Capital Connection

Written By: - Date published: 3:54 pm, June 15th, 2012 - 11 comments
Categories: infrastructure, public transport - Tags: , ,

Iain Lees-Galloway has been leading an admirable campaign to keep Palmy North’s Capital Connection.

His latest effort is to have petition (online & offline versions) to present to Parliament at the end of the month.  It has to be then, because it’s expected that the government (through NZTA) will cut the service in July or August.

Capital Connection is the only commuter train service in New Zealand that is run on a purely commercial model. Wellington’s (subsidised) Waikanae link is undermining it, and the Gerry Brownlee is refusing to get NZTA and KiwiRail to work together to work out the problem.

And the problem really is NZTA.  The Regional Council support the link and want to work in co-operation with the Greater Wellington Regional Council, NZTA and KiwiRail to keep the service going.

But NZTA only see rail and buses as useful for relieving congestion – they are bound to their cars.

The NZTA’s focus is on subsidising metropolitan public transport to relieve congestion and improve economic productivity […]

We’re keen to get people onto trains and buses to unclog our roads, but the reality is that we have to focus on the roads that do get clogged

Unable to see beyond those blinkers, they may even create a a congestion problem, as long as there isn’t one currently.

Surely NZTA should be focussed not just on roads, but on what is the most efficient way to get people and goods around the country, particularly planning for an expensive oil future?

At any rate, let’s support Iain, and get that petition spread and signed…

11 comments on “Capital Connection”

  1. TimD 1

    A couple of quotes from NZTA:

    NZTA’s view on Rail (the Capital Connection) north of Waikanae:

    “We’re keen to get people on to trains and buses to unclog our roads, but the reality is that we have to focus on the roads that do get clogged, such as south of Waikanae.

    “Given that there is not a congestion problem between Palmerston North and Waikanae, we believe the focus should be on identifying a cost-effective way to move people between these locations to make the best use of the existing subsidised rail services from Waikanae.”

    (from stuff.co.nz)

    NZTA’s view on SH1 north of Waikanae:

    The provision of a high standard four-lane expressway through the area and an Otaki bypass will increase the efficiency of freight and people movements between Wellington and the north. It will ease local trip congestion and assist in facilitating economic development in the area.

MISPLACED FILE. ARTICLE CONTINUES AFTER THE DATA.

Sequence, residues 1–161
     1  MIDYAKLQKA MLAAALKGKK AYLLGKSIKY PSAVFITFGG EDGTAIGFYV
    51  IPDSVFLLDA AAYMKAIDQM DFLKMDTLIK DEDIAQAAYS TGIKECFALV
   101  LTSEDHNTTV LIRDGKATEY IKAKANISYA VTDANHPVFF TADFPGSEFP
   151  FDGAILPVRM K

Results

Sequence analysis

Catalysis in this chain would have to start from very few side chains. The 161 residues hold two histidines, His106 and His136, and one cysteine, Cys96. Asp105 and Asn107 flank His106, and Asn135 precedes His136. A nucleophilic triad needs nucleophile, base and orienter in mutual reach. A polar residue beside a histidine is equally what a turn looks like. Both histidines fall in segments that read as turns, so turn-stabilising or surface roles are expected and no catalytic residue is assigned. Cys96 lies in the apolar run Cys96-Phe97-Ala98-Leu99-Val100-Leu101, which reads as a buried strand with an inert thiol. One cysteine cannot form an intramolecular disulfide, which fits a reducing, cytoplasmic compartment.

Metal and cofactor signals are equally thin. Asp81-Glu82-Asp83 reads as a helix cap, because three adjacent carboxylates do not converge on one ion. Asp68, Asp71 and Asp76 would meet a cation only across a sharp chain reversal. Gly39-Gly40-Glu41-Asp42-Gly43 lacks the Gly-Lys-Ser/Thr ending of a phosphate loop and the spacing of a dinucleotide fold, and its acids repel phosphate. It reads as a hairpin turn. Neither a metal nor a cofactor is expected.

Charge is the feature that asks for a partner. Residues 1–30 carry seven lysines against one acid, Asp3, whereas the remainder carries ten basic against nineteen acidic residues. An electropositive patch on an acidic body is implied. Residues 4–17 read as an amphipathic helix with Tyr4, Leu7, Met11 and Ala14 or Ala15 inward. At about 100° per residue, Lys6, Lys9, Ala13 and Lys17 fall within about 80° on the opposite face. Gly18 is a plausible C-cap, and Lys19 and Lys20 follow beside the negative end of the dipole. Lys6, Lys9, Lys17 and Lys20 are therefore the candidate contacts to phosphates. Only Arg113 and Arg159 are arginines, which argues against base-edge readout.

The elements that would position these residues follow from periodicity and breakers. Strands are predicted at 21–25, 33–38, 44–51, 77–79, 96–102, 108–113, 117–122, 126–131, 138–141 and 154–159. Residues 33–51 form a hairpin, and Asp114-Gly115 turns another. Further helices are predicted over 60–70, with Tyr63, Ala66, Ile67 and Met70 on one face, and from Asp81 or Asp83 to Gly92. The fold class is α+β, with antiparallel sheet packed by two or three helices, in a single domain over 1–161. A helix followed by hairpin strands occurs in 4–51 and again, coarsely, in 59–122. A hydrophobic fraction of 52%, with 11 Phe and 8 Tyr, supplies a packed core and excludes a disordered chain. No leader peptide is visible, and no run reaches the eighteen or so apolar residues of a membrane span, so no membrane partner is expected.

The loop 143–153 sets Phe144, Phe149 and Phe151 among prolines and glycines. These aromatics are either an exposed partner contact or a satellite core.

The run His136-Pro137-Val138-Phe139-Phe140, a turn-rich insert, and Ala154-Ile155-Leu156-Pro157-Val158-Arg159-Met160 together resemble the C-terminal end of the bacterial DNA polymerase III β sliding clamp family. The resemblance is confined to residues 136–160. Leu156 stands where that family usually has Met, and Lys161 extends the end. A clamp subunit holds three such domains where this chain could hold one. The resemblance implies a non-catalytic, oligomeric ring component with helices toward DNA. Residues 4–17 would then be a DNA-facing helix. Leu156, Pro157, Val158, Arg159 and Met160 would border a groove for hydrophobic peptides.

(from NZTA website)

    • mouse 1.1

      Ha! “Given that there is not a congestion problem between Palmerston North and Waikanae, we believe the focus should be on identifying a cost-effective way to move people between these locations to make the best use of the existing subsidized rail services from Waikanae.”…

      You got to ask yourself… if this is NZTA’s view… why the fuck are they promoting a 251 million dollar BCR=<1 bypass of Otaki and paralleling of SH1 all the way to Peka Peka – Please explain the reason for National significance?

      Gerry?… Anybody?

  2. thatguynz 2

    Firstly a disclaimer – I am a commuter on the Capital Connection so any bias in my comments should be read in that context.

    You may or may not know that this “debate” has been ongoing for quite some time now. More specifically the initial stance (or opening salvo if you prefer) was that the Capital Connection was economically unviable and unless passenger numbers increased there was a serious risk of its closure. As a point of notice, this was prior to the extension of the Tranzmetro service to Waikanae which has supposedly subsequently taken passenger numbers away from the Capital Connection. In my experience, the train (caveat – at least Wgtn outbound) was frequently full so short of standing passengers or additional carriages it would be difficult to dramatically increase the number of passengers on board..

    It is also worth noting that the Tranzmetro service (ie. the regular commuter units) is subsidised by the Greater Wellington Regional Council which in turn means that the Kiwirail running costs are offset – something that doesn’t occur with the Capital Connection and hence the crux of Kiwirail’s argument or objection.

    What ISN’T clear is whether the Capital Connection actually loses money or whether it simply doesn’t make “much” ie. what is the definition of “commercially unviable”? There is a school of thought that would suggest that this is simply a ploy (and one that may be proving successful) to obtain subsidies for the service from the Horizons and Greater Wellington Councils – thereby offsetting the Kiwirail expenses and of course increasing the profitability/viability. Without visibility of the accounts for this particular service that is a hard argument to prove or disprove. If however that is a fact that is substantiated it would suggest an appalling scenario whereby a govt owned entity is using nothing less than bully tactics to extract subsidies from local government…